Sciences and Exploration Directorate
Early Career Scientist Spotlight - Naomi Rowe-Gurney

Early Career Scientist Spotlight

Dr. Naomi Rowe-Gurney (she/her)

Planetary Scientist
Astrochemistry Laboratory (691)

What science questions do you investigate?

I investigate the atmospheres of the Ice Giants, Uranus and Neptune. We know very little about both of them because we have only visited them once each during the Voyager 2 flybys in the late 1980s. This means there are a lot of very broad science questions we still don’t know the answer to. For my PhD, I used mid-infrared spectroscopic data from the Spitzer Space Telescope Infrared Spectrometer to investigate the two planets using radiative transfer and optimal estimation retrieval models. I look at the temperature structure and composition of the middle atmosphere, which provides clues about both chemical and circulation processes. Spitzer also gave us questions we want to answer with the James Webb Space Telescope (JWST) when it observes the planets in its first year of operations. My current role at NASA Goddard is supporting all of the science teams who have guaranteed time observing the Solar System with JWST.

Did you always know that you wanted to be a Planetary Scientist?

I have always loved science and I visited a planetarium in London at a very early age where I first discovered my curiosity for space. I wasn’t very good at mathematics at school, and I was told that I should probably not do physics at a higher level. It was my love for space that got me through school and that gained me a place at University of Leicester to study a Master’s in Physics with Astrophysics. During University, I loved astronomy, but I also loved meteorology. I didn’t know until much later that planetary atmospheric physics existed and that it was a perfect way to study them both. As soon as I found out, I pursued my PhD studying the atmospheres of my favourite planets, Uranus and Neptune.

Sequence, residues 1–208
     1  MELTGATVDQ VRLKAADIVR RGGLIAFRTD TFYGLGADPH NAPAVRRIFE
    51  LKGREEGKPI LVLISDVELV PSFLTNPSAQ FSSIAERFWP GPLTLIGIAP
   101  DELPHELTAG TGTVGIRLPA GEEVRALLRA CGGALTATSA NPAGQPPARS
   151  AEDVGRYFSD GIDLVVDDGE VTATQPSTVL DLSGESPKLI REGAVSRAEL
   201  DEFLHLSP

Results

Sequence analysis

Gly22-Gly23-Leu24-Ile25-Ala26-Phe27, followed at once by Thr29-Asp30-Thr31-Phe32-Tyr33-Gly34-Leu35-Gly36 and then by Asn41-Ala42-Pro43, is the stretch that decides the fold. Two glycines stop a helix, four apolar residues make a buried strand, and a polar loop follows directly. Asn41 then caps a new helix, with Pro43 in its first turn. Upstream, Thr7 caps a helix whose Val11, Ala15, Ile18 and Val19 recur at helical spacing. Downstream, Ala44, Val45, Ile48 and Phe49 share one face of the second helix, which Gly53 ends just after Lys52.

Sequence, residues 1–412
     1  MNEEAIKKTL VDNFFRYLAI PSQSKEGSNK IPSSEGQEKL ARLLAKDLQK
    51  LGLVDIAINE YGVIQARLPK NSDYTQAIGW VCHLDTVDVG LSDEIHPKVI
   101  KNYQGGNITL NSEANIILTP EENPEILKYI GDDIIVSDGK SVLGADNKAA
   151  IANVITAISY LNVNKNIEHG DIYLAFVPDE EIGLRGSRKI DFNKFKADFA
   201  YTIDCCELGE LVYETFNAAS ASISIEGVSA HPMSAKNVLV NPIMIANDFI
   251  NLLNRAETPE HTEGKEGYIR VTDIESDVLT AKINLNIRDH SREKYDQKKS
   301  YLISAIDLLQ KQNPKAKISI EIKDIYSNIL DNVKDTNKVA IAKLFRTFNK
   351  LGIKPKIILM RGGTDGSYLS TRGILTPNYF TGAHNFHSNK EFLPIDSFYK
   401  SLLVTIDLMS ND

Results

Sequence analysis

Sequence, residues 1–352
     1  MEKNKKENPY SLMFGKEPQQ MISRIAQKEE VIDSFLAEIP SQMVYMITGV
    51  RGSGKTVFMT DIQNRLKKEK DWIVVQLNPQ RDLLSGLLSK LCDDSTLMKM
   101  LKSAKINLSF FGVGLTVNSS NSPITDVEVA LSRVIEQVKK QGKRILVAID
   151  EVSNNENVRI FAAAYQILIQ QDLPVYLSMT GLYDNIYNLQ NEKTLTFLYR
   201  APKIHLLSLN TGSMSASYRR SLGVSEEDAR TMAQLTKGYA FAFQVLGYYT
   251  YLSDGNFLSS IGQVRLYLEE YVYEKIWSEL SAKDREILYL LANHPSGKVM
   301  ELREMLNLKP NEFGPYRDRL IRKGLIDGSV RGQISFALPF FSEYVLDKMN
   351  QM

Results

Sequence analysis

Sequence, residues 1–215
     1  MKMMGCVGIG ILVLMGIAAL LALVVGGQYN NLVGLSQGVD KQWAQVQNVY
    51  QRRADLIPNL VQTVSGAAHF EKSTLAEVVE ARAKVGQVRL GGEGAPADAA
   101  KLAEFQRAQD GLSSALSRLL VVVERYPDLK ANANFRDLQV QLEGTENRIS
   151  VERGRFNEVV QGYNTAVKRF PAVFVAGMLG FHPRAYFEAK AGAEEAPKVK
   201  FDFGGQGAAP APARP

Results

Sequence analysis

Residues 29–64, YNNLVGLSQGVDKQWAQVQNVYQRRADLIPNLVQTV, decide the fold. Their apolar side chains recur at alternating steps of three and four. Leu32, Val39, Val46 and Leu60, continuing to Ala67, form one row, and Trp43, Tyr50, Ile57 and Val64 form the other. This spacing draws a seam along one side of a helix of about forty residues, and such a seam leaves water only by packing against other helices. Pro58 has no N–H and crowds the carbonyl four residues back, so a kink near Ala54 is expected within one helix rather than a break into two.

What aspect of your work excites you the most?

My favourite part of research is presenting at seminars, conferences, and events around the world. I have been lucky enough to do talks in the USA, Europe and China. I have spoken to other scientists, students of all ages, and the public on many topics. I enjoy talking about not only my research but also about more general topics, careers, and equity, diversity and inclusion. I am starting a role as a mentor for a few young scientists this year and it is always exciting to be able to impact people early in their education or career, especially other Black women and girls.

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At my poster at AGU Fall Meeting 2019. My favorite part of science is getting to travel and speak about science to many different people.
Credit: Naomi Rowe-Gurney

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A public talk I did about Uranus and Neptune at the National Space Centre for Space Lates during World Space Week 2019 (Leicester, UK).
Credit: Rafael G Paz (TourVista)